The classical writers (again) spend words on Â the â€˜novelâ€™ Â concept, whereas the ragtimersÂ advise repeated hearings so a Â traditional Â listener Â getsÂ comfortable with unusual forms.Â Â Â
IsÂ PrestidigitationsÂ the work of my alter ego?Â Â Â Iâ€™m not Â Â a fusionist, Â but Â ragtime reaches me â€¦ Â who doesnâ€™t like aÂ good tune, music thatÂ feels neat to play, Â Â and every once in awhileÂ writing in major?
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Andrew Waggonerâ€™s recent NewMusicBox essay deals with theÂ perils of entering most public spaces these days due to Â the onslaught of pumped-in music, Â most of it monotonously pop and largely negligible.Â Â Â Thereâ€™s an undertone of anger in the piece the author readily acknowledges, Â in that weâ€™reÂ not able to change the situation â€“ so we have to duck out, feeling somewhat impotent, so as to recoverÂ the quiet Â necessary for hearing inside oneâ€™s head.
Iâ€™ve also written about this, along withÂ other present-day vexations for a composer,Â over the past half-dozen years. Â Â (Most recently:Â Â Imaging the Composer Today, published this month in the IAWM Journal,Â a small tweaking of the Keynote address given last fall at the Â College Music Society national conference.)Â My take though, is a bit different:
I consider it a strength move to boycott the places which are the worst offenders. And I believe itâ€™s an act of confidence to create for oneselfÂ personal spacesÂ where serenity, contemplation and the required think-environmentÂ — so necessary to beginning a new piece â€“ can prevail.
Lutoslawski observed â€œPeople whose sensibility is destroyed by music in trains, airports, lifts, cannot concentrate on a Beethoven quartet.â€Â LargelyÂ true.Â But even as we bemoan the diminishment of the capacity for active listening en masse,Â we do,Â each,Â take steps toÂ preserve that capacity for ourselves.Â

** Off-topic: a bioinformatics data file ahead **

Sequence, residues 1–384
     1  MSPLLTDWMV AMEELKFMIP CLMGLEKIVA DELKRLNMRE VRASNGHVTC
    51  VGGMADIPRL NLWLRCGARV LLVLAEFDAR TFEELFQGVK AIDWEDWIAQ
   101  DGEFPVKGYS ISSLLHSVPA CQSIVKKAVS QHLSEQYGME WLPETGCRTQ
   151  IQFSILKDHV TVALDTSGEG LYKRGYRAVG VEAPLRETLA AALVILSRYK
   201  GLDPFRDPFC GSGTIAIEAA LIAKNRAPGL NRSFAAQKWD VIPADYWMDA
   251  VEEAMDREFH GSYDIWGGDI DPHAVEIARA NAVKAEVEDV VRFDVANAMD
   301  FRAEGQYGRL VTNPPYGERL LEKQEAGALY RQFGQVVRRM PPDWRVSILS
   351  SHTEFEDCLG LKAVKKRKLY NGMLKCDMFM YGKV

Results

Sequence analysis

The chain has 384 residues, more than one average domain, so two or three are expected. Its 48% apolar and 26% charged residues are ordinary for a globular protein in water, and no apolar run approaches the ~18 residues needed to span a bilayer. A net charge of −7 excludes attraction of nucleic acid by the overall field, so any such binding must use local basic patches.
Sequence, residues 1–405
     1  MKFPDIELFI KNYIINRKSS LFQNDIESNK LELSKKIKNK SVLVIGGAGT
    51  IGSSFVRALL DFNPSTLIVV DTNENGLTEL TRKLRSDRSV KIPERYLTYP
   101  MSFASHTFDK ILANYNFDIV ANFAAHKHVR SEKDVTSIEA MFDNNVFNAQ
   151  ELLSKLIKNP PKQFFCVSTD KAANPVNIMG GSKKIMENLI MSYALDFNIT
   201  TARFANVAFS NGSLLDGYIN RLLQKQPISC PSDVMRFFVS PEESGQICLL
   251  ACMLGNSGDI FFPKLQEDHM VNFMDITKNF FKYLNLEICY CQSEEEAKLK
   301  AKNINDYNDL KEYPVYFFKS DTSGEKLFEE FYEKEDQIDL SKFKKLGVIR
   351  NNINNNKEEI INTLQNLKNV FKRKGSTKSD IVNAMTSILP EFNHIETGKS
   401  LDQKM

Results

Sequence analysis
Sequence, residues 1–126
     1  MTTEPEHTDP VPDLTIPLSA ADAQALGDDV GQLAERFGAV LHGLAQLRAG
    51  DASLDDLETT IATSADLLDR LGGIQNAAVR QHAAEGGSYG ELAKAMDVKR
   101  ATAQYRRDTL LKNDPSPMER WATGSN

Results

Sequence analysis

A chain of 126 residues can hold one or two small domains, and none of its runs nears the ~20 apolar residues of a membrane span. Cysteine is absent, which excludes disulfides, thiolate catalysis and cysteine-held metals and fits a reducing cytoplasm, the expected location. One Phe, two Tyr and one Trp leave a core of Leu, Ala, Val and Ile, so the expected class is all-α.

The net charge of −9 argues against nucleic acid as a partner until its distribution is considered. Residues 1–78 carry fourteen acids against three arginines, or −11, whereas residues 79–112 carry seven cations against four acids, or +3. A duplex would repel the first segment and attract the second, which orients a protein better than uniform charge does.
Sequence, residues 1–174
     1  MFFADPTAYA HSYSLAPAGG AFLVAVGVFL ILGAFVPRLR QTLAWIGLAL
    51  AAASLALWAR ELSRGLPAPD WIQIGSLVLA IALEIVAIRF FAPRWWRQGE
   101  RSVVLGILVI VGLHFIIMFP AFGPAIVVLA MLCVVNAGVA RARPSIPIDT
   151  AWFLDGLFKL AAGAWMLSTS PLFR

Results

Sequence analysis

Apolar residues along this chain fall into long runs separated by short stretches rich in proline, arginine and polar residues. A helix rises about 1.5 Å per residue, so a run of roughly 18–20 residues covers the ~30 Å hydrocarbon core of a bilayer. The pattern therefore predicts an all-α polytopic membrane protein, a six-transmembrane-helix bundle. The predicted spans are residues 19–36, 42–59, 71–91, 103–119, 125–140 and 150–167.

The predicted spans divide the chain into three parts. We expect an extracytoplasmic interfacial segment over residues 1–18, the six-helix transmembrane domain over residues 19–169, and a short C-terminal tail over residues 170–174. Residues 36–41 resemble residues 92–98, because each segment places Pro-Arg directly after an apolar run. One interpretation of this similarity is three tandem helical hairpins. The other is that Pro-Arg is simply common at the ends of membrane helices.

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Relocating to Arizona has been wonderful.Â After I stepped away from teaching and in early â€˜06 moved to this clean, dry climate with its endless vista of sky, my creativity has surged.Â Â Once all the mechanics of moving were sorted out, I began toÂ feel as ifÂ twenty years have been stripped away, and Iâ€™m just approaching age 40 â€“ a composerâ€™sÂ â€˜prime timeâ€™.
Especially this last half-year has been chock-full of new notes. Two big pieces just finished ( three premieres looming in Sept.-Oct.), another premiere andÂ newÂ CD released in March ,Â a big essayÂ published and another furbished up for issue next year, and feature articles in summer issues ofÂ two magazines.Â Â
And itâ€™s not just me.Â My husband, Gary, has gone back to his artÂ — whichÂ IÂ see as having parallels with my music.Â With communicationÂ nowadays requiringÂ on-the-spot definition,Â I welcome the comparison.Â Â We both Gary share these traits:Â Â Tradition made fresh, overall modernist viewpoint,Â Â engage with the subject in a dramatic way, high quotient of design on every level,Â emotional impact,Â huge scope.Â Â Â (Take a look at one of Garyâ€™s recent works from the Large Animal series,Â Â 4 ft x 7.5 ft, cut paper on paper. )
Â Â Â Â Â
In later posts I plan to write about specific pieces under development, about being a teacher of composers (composer blogs now largelyÂ tilt towards a comp.Â studentâ€™s perspective), and something on navigating the waters of the currentÂ new-music scene.Â But this opening post is just to get things started.
Whatâ€™s yourÂ answerÂ toÂ Pete Townshendâ€™sÂ question,
Â Â Â Â Â Â Â Â Â Â Â Â Â Â Who are you?Â (Boop-boop, Boop-boop)